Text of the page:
National Trust conference day one: Random observations
by Nancy J. Parisi (courtesy of Visit Buffalo Niagara)
Here are some facts, figures, quotes and (brief) opinions from the opening day of the National Trust for Historic Preservation conference. The tours have started, but the actual conference sessions take place today and tomorrow. It’s been rainy and windy, but from what we hear and see, the conference attendees’ enthusiasm is unfazed. Wednesday’s big event was James Howard Kunstler’s keynote address at Shea’s. Today, the participants will be either scattered far and wide across Buffalo and WNY looking at buildings and landscapes, or sitting at the Convention Center discussing sustainable design, tax credits, rural preservation, and significant LGBT historic sites, among other diverse topics.
Number of registered attendees: 2457 (possibly a record)
Number of speeches: 9
Number of interesting speeches: 2 (Stephanie Meeks and James Howard Kunstler at Shea’s)
Public dollars spent on the Darwin Martin House restoration so far: $20 million (another $20-plus mill has come from private sources)
City Hall factoid: The tallest city hall in the U.S.
Who’s on the board of the National Trust: Diane Keaton
People that National Trust research indicates should be brought into the preservation fold: young activists (3.2 million), green go-getters (3.8 million), community-conscious parents (2.2 million), and architecture lovers (3.2 million)
by Nancy J. Parisi (Courtesy Visit Buffalo NIagara)
Keynote speaker James Howard Kunstler’s most recent books are World Made By Hand and The Witch of Hebron, part of a series of novels novel “set in a post-oil world without electricity, Internet, or national order.” He is perhaps best known for The Geography of Nowhere, his first nonfiction work on the American sprawlscape: "We created a landscape of scary places, and we became a nation of scary people."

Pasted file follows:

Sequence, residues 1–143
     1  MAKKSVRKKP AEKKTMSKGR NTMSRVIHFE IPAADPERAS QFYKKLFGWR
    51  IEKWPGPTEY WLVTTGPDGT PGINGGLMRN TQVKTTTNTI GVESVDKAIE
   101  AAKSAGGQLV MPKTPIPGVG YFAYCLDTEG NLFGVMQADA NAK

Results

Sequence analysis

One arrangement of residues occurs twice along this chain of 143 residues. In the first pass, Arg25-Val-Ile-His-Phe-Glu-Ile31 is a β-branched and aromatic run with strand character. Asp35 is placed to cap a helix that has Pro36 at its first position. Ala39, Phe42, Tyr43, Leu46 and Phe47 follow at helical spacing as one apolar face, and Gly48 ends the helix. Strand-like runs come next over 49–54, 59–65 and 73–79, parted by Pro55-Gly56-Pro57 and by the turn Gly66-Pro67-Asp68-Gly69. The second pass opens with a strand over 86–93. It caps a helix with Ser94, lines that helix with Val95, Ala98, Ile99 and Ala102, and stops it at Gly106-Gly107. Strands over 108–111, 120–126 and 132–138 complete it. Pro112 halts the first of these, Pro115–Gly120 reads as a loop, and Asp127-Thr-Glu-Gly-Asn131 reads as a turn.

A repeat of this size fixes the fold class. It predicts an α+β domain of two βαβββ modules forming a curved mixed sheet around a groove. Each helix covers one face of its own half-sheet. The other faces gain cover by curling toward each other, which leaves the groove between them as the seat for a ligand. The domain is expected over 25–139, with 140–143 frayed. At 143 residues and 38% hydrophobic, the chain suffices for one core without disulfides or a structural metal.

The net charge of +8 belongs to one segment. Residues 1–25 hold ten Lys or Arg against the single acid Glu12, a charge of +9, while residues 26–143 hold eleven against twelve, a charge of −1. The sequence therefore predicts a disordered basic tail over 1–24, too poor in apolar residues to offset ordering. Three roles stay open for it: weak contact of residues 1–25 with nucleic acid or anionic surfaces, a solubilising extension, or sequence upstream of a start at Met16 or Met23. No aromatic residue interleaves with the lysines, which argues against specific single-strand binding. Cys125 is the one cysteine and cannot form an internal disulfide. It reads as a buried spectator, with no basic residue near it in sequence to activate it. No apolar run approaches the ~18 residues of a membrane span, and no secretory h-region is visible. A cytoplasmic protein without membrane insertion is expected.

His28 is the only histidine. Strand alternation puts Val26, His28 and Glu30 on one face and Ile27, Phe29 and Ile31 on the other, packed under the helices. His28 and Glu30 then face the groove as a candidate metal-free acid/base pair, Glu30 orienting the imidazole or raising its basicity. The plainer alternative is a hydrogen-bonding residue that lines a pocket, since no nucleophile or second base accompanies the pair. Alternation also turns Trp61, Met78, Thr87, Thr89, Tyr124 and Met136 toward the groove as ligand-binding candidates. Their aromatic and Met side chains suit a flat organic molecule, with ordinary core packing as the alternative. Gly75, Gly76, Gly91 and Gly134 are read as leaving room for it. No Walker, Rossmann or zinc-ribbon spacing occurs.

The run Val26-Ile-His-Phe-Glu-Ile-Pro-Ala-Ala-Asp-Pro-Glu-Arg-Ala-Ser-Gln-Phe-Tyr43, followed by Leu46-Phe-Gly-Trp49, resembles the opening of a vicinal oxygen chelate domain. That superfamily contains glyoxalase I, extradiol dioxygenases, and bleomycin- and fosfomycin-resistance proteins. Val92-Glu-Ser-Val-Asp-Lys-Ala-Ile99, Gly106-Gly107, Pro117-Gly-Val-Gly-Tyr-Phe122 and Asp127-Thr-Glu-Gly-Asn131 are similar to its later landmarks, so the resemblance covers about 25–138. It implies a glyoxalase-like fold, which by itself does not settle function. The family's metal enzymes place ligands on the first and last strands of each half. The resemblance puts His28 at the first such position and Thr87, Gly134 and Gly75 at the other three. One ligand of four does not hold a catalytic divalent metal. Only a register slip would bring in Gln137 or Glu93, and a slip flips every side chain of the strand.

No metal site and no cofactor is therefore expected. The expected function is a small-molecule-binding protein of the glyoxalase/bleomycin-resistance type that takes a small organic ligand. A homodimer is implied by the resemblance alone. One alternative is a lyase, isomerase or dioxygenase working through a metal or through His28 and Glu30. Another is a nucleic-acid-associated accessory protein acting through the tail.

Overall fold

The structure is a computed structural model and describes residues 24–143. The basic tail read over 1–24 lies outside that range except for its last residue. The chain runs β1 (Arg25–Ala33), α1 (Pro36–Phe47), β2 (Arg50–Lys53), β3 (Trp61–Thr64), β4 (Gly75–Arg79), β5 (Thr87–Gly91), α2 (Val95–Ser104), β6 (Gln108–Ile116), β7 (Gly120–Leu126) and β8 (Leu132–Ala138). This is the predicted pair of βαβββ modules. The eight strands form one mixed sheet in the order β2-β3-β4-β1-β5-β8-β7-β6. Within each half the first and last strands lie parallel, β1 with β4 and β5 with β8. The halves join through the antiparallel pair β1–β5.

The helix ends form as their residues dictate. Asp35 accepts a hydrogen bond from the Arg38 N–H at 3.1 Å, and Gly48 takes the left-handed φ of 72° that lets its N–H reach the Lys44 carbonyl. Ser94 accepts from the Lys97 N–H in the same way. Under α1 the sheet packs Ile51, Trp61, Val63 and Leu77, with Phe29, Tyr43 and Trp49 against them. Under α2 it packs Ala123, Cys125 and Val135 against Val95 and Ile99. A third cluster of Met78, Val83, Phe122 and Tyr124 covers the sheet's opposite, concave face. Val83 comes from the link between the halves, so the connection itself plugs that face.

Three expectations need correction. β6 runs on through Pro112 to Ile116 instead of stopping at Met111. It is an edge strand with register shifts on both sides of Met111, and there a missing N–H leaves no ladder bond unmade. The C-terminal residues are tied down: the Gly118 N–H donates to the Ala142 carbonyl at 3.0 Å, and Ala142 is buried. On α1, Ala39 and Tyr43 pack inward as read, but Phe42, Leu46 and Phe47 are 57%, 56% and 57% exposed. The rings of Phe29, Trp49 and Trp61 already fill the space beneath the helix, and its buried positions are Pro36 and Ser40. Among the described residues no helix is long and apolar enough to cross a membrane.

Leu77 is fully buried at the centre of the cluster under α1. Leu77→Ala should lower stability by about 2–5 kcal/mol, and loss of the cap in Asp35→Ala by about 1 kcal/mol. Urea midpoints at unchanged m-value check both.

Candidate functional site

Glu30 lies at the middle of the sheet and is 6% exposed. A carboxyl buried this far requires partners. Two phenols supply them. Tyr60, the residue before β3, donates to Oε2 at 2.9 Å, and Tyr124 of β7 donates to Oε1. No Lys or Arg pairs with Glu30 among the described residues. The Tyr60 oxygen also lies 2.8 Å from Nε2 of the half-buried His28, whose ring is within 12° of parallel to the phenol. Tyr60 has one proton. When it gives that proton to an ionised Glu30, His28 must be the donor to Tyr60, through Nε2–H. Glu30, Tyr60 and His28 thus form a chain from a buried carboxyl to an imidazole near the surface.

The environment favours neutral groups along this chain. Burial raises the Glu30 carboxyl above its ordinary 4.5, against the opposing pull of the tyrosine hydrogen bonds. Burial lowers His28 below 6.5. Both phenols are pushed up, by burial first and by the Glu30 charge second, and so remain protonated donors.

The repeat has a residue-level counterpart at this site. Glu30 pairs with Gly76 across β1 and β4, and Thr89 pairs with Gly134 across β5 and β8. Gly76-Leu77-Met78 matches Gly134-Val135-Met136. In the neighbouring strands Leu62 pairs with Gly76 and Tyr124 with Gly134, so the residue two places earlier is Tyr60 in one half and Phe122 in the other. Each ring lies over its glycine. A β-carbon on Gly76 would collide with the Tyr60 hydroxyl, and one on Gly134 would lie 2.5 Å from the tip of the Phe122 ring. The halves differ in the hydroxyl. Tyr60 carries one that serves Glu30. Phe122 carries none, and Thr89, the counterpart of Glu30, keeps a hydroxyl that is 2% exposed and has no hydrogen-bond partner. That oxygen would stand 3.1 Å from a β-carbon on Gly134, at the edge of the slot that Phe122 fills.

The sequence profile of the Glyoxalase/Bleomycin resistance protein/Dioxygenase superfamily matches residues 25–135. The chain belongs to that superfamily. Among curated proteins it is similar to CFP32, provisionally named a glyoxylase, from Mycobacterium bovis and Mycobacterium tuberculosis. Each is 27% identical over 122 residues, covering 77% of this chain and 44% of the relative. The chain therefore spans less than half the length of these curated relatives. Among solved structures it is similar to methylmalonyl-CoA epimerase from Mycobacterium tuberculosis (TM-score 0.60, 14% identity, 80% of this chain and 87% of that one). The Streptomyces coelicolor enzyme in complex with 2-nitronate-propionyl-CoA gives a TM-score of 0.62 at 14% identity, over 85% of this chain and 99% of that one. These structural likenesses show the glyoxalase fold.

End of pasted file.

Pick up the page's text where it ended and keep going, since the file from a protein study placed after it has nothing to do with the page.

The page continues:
Considering the dire nature of most of his subject matter, Kunstler gives a remarkably entertaining speech. The people from Phoneix and Las Vegas in the audience may not have liked it quite as much.
What James Howard Kunstler said about:
Frankenstein securities: one of the reasons America is “broke at all levels”
Planet Earth: “not an oil-filled bon-bon”
Climate change: manmade or not—“doesn’t matter”
Food: we need to grow it closer to home—“the days of the 3 thousand mile Caesar salad are coming to an end”
What will survive an economic and energy crisis: “smaller towns and cities that are scaled to the realities of the future and have agriculture nearby”
America's infrastructure of highways, suburban sprawl, and strip malls: "Greatest misallocation of resources in the history of the world"
Cities that will be “toast”: Phoenix and Las Vegas—no agriculture, no water, and too car-dependent (“What happens in Las Vegas will stay there—forever.”)
What will make a comeback: railway travel
Buffalo’s City Court building: "15 stories that say absolutely nothing"
Most 20th century architecture: “spiritually degrading, ugly, and brutal”
Boston City Hall Plaza: “a place so dismal even the winos stay away” and “there’s not enough Prozac in the world to make people feel OK here”
The ideal city square: doesn’t need any “green space”—look at the Pantheon in Rome
What else is making a comeback: smaller-scale places on inland waterways
The good news for us: the Great Lakes will be important again